Every parent simultaneously looks forward to and dreads the day their child goes to kindergarten. Your baby is now off in the world, spending the day with other children and adults that will impact their lives. The kindergarten years are full of so much growth. But while we tend to think of kindergarten as the start of our children’s academic career, the truth is getting ready for kindergarten isn’t nearly as “academic” as we think it might be.
Preparing for kindergarten is much less about how high your child can count or whether they can recite the alphabet forwards and backwards. Being ready for kindergarten is much more about having the skills to be independent. Think of preparing for kindergarten less about preparing for an academic future and more about preparing to be away from home and the people who do everything for them.
How to Really Prepare Your Child for Kindergarten:
Independence is the name of the kindergarten game. Unlike preschool or daycare, kindergarten teachers aren’t able to help your child with putting on or taking off their clothing. They aren’t able to help them wipe their bum. They aren’t going to open your child’s lunch containers or their string cheese.
To help your child prepare for this amount of independence, here are a few things you can work on in the months or weeks before kindergarten:
1. Putting on and taking off their coat and shoes. Encourage your child to dress themselves and hang up their coat. Avoid buying shoes with laces or clothing that will require assistance. Sweatpants are preferred to pants with buttons or laces that may result in your child struggling with and having accidents.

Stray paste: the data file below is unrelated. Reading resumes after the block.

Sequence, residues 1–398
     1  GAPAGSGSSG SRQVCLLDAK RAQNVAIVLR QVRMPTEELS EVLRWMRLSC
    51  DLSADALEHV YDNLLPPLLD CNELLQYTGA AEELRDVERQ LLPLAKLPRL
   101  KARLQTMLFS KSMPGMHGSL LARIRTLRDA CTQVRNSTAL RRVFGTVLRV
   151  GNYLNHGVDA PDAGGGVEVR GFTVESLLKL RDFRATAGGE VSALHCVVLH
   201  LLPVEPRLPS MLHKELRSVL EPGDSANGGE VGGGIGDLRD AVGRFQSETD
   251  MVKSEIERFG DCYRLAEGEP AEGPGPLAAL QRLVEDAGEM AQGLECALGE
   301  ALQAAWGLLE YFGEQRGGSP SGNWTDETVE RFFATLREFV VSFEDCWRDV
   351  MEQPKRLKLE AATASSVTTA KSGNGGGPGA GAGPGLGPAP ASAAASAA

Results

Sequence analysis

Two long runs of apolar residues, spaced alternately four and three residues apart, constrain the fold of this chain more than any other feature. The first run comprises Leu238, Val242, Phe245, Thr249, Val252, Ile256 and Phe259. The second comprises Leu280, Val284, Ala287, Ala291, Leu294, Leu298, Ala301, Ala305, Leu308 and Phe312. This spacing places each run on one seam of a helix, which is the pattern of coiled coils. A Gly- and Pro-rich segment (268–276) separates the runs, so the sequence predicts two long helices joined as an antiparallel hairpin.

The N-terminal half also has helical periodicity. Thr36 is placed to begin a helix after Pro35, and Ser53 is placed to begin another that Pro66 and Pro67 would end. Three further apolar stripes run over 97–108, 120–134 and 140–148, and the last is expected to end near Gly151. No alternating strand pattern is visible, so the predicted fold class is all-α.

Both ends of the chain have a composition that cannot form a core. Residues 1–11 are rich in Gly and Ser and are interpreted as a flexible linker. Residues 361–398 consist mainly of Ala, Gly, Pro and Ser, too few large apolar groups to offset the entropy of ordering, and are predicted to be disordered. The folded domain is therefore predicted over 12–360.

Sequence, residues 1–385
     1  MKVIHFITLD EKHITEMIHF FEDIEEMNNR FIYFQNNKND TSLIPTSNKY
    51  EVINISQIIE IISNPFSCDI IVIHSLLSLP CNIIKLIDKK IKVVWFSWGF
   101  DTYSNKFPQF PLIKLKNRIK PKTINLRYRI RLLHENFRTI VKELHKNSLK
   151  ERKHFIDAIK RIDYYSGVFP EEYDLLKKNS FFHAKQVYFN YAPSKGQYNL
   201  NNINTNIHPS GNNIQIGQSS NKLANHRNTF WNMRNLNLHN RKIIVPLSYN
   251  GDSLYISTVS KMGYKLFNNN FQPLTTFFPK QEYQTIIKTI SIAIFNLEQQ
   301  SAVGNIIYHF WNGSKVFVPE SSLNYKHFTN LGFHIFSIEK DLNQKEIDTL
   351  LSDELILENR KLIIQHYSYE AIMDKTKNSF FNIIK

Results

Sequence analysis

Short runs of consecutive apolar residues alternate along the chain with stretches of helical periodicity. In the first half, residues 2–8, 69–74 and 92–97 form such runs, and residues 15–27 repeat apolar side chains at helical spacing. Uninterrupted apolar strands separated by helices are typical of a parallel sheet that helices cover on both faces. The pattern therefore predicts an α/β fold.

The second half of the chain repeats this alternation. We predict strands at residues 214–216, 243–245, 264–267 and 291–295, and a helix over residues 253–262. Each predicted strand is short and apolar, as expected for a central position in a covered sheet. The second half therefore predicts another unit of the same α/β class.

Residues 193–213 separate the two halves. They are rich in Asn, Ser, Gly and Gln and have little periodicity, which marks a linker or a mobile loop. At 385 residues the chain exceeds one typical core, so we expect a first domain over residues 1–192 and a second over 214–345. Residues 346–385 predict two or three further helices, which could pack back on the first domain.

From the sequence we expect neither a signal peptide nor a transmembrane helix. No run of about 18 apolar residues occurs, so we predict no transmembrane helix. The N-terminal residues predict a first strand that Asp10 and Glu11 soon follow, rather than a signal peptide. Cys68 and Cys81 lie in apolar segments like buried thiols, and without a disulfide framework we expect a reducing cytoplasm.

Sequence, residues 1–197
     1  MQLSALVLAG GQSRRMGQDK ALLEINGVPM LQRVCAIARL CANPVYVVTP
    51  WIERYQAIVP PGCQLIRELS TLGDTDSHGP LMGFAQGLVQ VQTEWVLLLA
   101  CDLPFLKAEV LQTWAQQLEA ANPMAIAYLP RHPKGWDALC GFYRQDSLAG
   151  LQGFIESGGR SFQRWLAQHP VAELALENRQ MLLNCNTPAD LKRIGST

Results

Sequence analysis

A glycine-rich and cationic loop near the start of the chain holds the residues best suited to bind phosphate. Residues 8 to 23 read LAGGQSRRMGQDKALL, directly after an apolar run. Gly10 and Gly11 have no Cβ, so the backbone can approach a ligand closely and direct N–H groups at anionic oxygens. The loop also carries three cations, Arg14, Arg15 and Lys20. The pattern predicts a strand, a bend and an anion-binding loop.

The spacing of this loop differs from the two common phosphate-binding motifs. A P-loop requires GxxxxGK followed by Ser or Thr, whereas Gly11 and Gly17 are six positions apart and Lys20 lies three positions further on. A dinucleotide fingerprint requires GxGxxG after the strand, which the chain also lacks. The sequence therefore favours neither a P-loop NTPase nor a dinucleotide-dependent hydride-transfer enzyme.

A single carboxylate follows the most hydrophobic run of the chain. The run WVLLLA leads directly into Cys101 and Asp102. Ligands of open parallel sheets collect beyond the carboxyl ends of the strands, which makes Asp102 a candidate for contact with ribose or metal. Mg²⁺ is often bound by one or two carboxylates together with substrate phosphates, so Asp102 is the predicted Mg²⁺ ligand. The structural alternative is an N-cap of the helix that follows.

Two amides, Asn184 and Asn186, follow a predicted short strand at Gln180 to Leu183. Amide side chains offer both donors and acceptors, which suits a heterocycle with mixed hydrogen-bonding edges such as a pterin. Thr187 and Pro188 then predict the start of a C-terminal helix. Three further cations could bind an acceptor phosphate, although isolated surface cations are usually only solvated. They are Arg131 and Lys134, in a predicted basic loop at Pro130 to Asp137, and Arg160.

2. Using the washroom independently (this includes wiping)
3. Practice personal hygiene such as washing hands, wiping their own face after lunch and blowing their nose.
4. Be able to recognize their name in print. You can help with this by putting their name above their coat hook at home, or on their bedroom door, at their spot at the table.
5. Using scissors. We highly recommend this Melissa & Doug Scissor Skills book for practicing early scissor skills.
6. Opening and closing all items in their lunch (this includes unzipping and zipping lunch bags, opening and closing all the containers and packages such as granola bars).
7. Following a routine. Start waking up at the same time every day, getting dressed, having breakfast at the same time. The more they are able to get used to this routine during the summer, the easier it will be for them to follow this routine when the school year begins.
8. Labelling emotions and knowing how to self-regulate. Kindergarten is full of many emotions. Talk about emotions at home, even labelling your own emotions. Read books about emotions and help your child understand and be able to express what they are feeling in a healthy way.